The United States is by far the world’s leader on microgrids. The nation now accounts for nearly two-thirds, or 62%, of global microgrid capacity that’s either planned or operational. The number of microgrids worldwide has increased from about 400 early last year to about 600 now, nearly half of which are in the U.S.
In a major feature USA Today puts the boot into Utility company failure to keep the lights on. Hurricane Sandy, along with other recent extreme weather events, “exposed the growing unreliability of the nation’s aging and “Balkanized” power grid,” said the paper.
Just one year after Sandy turned out the lights on 8.5 million Americans, there’s been a proliferation of generators, fuel cells, solar panels paired with batteries, and combined heat and power technologies. These varying microgrids aim to make the main grid more “resilient” — energy’s 2013 buzzword.
Many of these mini networks produce power onsite and store it for emergencies. They operate independently of the nation’s electrical grid, which distributes power from coal, natural gas or nuclear plants, so they can keep the lights on when a storm brings down the grid.
“Sandy was a game changer,” says Tom Leyden, CEO of Solar Grid Storage, a company that develops battery systems to store solar power, which fluctuates throughout the day. He says the massive storm — along with lower solar prices, better batteries and rising climate change concerns — has amplified the need for storing renewable energy that is starting to transform the utility industry.
On Oct. 17, California became the first U.S. state to require utilities to maintain a certain amount of energy storage. In July, the Federal Energy Regulatory Commission issued an order to urge that utilities pay microgrids higher prices for backup power they can quickly provide the main grid.
“There’s more attention to grid reliability,” says Phyllis Cuttino, director of Pew Charitable Trusts’ Clean Energy Program, adding Sandy also showed how decades-old technologies such as combined heat and power (CHP) can save the day. She says New York University and Long Island’s South Oaks Hospital didn’t go dark after Sandy, because their CHP systems — also known as co-generation — don’t draw electricity from the grid but rather generate it onsite by reusing energy that’s normally wasted in power generation.
While most are tied into the grid and can bolster its efficiency, some microgrids operate completely on their own. Off-grid homes with rooftop solar panels, or those with backup generators, are essentially “nano” grids.
Microgrids — once used mostly by colleges and hospitals — are now expanding to other facilities as the U.S. Department of Defense, businesses and local governments work to avoid the risks posed by extreme weather, expected to intensify with climate change-related power risks.
More than 50 U.S. military bases now operate, plan or are testing microgrids.
Connecticut, spurred by Hurricane Irene in 2011, passed a law last year to launch the first statewide microgrid program, which aims to ensure continuous power for town centers and other critical facilities.
“Microgrids play a major role in our efforts to modernize and harden our infrastructure to withstand severe weather,” Connecticut’s Democratic Gov. Dannel Malloy said in July as he announced the program’s nine pilot projects in eight cities. The projects will use CHP systems, natural gas turbines, fuel cells and solar panels — some in combination.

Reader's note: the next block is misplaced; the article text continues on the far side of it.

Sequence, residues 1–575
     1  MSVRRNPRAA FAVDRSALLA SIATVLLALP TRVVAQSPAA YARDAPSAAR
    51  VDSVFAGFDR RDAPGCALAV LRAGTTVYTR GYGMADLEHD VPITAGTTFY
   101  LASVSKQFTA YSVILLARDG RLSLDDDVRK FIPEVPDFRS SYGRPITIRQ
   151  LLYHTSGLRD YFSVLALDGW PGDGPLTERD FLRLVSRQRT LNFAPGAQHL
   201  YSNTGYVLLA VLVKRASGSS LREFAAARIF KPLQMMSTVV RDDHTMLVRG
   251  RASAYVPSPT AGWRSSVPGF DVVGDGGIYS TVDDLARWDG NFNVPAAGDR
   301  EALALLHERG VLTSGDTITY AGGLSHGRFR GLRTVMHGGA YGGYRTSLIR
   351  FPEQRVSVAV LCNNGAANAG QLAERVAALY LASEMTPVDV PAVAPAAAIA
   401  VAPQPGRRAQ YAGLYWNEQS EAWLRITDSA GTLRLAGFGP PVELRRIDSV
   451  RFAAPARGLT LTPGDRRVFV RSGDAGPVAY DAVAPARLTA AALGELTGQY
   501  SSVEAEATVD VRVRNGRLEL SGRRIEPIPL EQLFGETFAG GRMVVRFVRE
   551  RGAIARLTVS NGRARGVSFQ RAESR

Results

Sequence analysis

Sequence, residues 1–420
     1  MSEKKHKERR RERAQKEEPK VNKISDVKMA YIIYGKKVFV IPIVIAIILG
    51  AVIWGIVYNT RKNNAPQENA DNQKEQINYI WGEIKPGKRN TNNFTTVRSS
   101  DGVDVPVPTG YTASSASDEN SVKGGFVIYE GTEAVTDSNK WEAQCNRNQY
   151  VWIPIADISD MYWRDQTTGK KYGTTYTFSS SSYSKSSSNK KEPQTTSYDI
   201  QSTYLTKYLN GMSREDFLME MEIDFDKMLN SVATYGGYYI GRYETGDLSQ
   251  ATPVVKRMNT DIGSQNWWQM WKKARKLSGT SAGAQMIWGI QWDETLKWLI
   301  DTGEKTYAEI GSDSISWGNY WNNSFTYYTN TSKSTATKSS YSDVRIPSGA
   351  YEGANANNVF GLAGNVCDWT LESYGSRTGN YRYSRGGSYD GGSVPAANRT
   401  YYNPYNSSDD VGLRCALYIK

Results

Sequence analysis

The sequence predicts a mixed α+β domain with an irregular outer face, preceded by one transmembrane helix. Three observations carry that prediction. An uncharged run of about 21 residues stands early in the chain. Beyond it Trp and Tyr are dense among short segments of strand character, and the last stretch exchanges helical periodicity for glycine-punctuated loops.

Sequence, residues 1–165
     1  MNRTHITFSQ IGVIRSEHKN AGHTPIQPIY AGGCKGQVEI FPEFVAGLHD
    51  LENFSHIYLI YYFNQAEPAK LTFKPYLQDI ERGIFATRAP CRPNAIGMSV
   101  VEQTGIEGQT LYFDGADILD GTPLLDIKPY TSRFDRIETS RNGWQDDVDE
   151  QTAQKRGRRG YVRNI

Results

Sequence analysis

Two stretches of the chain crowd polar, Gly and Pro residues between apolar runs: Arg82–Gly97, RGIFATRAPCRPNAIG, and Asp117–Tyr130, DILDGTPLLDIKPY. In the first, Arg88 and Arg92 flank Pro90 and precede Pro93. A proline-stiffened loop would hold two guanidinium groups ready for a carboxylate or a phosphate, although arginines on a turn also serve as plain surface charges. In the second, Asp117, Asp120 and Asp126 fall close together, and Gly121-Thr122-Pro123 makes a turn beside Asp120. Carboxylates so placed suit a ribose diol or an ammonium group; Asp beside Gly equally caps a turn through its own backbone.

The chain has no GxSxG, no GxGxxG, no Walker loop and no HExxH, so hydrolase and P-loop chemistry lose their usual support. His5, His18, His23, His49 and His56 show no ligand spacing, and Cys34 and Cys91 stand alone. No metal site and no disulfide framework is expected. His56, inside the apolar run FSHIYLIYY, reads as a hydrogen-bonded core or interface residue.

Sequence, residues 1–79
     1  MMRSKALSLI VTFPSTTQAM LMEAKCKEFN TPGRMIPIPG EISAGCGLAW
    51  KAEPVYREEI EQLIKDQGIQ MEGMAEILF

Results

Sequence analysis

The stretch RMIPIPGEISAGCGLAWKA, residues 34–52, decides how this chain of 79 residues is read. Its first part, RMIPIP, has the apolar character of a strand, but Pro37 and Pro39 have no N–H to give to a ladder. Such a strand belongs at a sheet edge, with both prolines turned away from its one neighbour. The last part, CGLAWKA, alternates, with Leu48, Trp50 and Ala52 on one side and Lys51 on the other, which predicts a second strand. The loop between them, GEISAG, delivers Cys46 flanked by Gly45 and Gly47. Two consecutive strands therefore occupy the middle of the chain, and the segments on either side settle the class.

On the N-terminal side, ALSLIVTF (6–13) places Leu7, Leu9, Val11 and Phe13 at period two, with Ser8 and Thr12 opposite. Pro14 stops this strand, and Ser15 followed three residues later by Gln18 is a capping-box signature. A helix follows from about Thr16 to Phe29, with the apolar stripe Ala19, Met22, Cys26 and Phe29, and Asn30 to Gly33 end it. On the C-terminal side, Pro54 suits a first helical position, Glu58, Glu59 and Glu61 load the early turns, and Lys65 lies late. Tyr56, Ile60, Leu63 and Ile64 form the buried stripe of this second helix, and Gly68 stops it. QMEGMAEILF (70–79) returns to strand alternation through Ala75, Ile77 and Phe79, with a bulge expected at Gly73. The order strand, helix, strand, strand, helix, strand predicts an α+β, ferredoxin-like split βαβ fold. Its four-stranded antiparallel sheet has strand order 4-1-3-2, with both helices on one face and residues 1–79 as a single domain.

In the last month alone, the governors of New York and New Jersey have also announced additional funding for microgrid projects in their states, both of which were pummeled by Sandy.
In August, the Department of Energy said it’s partnering with New Jersey to develop the first microgrid for a U.S. transit system. They’re calling it “NJ TransitGrid” and enlisting the expertise of DOE’s Sandia National Laboratories, which has designed advanced microgrids already in use at more than 20 U.S. military bases.
“I think it’ll be a model for the country,” N.J. GOP Gov. Chris Christie said at the announcement event in Secaucus, N.J., attended by Energy Secretary Ernest Moniz.
DOD and DOE are trying to standardize technologies for microgrids, and they’re working with companies including SAIC, Lockheed Martin, and General Electric. In August, San Diego-based Power Analytics announced it will install at naval facilities in San Diego County its software that manages microgrids by targeting how best to use backup power when a storm approaches.
The private sector is also embracing microgrids. Earlier this month, CenturyLink said it will install Bloom Energy fuel cells at one of its data centers in Irvine, Calif., to generate enough of its own power to protect critical loads from outages. In September, Maryland developer Konterra installed a solar microgrid project at its headquarters in Laurel, Md.
Despite the big push for microgrids, obstacles remain. Some states, including New York, have regulations that don’t specify what they are so their legal status is unclear. Also, federal tax incentives for some technologies ideal for microgrids, including CHP, are expiring at the end of 2016.
“Any transformation takes time,” Leyden says about bumps in the road. “That’s what we’re experiencing.”
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